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How Do I Become a Certified Wireless Network Administrator?

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  • Written By: Helen Akers
  • Edited By: Jessica Seminara
  • Last Modified Date: 10 April 2014
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Taking certification courses and passing the courses' required exams is an essential step for those who wish to become a certified wireless network administrator. Some candidates who might have future goals to advance beyond entry-level positions obtain a two or four-year computer science degree. A few organizations that employ wireless network administrators may require a bachelor's degree on top of professional certification. Experience as a support representative and familiarity with wireless network troubleshooting are often required as well.

Someone who wants to become a certified wireless network administrator might want to complete a four-year bachelor's degree in order to open up the widest range of career possibilities. Related degrees include systems engineering, computer information systems, and computer science. While a two or four-year degree is not required to complete certification, the knowledge gained from a degree's curriculum may support the successful completion of the courses. The completion of a professional certification course and exam is necessary in order to become a certified wireless network administrator.

Professional courses may be available through local colleges, computer industry organizations, online vendors, or major computer industry software and hardware developers. These courses usually cover how wireless technology can be used to set up local area networks (LANs), how radio frequency technology operates, how to design efficient wireless networks, and the issues related to wireless network security. Obtaining passing scores on the certification courses' final exams is usually mandatory to enter the profession.

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Prior to completing certification, an aspiring wireless network administrator may want to gain experience in entry-level support positions. For example, the job duties associated with being a help desk or information systems technician may familiarize someone with troubleshooting techniques, as well as the hardware and software components of wireless networks. Some organizations may also hire certified professionals for assistant or support positions and place them on a development track to become a certified wireless network administrator. When searching for an entry-level position, it is a good idea to search Internet job boards, use professional social networking sites, and work with staffing agencies that specialize in the information technology industry.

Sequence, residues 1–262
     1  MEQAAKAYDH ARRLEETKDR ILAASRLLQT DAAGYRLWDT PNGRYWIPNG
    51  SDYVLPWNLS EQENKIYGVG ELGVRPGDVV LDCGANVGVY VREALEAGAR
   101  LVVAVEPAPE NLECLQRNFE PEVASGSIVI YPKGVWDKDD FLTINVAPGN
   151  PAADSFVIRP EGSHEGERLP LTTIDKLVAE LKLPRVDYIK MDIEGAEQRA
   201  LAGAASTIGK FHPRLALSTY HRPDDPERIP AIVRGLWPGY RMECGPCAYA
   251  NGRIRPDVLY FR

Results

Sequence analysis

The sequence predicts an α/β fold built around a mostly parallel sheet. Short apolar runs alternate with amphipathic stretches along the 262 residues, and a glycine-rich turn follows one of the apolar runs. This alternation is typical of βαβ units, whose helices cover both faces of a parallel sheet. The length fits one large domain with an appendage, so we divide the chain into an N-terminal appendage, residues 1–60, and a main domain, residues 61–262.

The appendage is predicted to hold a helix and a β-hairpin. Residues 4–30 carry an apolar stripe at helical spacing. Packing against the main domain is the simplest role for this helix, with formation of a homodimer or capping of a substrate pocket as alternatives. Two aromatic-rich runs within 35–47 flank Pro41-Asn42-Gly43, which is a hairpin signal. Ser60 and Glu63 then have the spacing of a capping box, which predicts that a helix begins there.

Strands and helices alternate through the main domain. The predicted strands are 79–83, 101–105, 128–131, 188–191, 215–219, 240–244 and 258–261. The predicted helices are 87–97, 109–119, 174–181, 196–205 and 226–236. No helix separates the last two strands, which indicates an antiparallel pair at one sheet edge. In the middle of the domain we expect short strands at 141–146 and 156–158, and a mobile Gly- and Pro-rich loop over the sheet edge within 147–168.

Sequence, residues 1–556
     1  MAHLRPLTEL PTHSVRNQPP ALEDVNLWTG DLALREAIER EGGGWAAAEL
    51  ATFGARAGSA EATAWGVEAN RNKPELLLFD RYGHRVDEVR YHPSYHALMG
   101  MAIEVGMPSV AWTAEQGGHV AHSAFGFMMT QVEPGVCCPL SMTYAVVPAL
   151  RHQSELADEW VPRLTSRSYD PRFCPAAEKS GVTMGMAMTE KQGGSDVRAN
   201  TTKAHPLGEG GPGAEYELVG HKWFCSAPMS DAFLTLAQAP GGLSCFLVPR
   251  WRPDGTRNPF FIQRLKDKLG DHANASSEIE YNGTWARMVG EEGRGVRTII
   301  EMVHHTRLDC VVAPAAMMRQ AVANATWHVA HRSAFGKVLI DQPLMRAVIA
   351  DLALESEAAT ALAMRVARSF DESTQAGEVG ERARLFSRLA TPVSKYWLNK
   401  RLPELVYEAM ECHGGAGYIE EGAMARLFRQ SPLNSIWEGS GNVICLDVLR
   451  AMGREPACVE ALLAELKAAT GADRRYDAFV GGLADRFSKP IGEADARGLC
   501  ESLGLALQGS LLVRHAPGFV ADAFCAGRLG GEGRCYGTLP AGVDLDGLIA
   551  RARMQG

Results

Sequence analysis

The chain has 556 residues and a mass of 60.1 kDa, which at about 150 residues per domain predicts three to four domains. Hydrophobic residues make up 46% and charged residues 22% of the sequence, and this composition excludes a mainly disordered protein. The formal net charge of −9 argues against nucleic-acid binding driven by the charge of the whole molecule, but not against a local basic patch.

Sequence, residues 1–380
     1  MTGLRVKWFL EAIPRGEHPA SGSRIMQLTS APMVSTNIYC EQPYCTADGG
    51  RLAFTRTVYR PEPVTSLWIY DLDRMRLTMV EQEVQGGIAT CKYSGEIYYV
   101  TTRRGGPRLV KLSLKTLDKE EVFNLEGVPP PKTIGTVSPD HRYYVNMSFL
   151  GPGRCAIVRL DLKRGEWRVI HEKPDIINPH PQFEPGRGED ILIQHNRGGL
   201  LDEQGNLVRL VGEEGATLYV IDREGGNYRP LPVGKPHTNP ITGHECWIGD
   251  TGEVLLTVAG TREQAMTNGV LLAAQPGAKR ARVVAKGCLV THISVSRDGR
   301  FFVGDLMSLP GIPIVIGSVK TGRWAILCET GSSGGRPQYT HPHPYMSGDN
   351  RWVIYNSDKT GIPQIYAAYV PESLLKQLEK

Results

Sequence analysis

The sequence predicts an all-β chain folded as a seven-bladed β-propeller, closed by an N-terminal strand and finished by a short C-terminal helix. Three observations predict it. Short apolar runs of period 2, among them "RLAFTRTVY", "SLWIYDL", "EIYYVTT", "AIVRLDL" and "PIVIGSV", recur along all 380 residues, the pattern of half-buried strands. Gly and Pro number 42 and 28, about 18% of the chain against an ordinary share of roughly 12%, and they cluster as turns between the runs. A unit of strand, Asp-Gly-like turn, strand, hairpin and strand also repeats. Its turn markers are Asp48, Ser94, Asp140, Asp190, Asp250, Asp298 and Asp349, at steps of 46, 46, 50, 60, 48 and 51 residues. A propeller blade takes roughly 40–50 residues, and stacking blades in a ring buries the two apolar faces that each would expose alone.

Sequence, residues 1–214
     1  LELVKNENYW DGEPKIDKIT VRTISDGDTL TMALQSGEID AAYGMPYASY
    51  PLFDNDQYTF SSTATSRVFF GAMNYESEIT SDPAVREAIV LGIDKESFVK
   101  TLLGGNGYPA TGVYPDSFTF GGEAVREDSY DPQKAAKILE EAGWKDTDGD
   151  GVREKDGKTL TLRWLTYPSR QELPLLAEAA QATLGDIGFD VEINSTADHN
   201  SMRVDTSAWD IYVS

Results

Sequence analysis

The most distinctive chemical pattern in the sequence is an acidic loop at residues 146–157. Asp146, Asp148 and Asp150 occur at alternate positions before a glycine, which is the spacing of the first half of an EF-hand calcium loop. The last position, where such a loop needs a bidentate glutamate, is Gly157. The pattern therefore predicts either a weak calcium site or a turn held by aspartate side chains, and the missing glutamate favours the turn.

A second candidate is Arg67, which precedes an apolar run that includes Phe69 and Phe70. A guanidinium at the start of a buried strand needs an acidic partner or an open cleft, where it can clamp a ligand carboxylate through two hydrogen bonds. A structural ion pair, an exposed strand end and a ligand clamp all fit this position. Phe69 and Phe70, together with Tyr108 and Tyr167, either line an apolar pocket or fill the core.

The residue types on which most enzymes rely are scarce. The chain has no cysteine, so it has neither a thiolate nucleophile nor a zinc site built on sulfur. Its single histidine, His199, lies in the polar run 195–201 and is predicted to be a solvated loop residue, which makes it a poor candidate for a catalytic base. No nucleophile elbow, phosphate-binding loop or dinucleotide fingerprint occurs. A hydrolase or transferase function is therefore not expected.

An individual should keep in mind that in order to become a certified wireless network administrator, he will probably need to gain experience with system design and engineering. Many future systems engineers acquire this experience by supporting an organization's senior systems engineers and administrators. While in an entry-level or support position, those who wish to advance should seek out opportunities to work on special projects, actively contribute ideas, and learn as much about wireless technology and design as possible.

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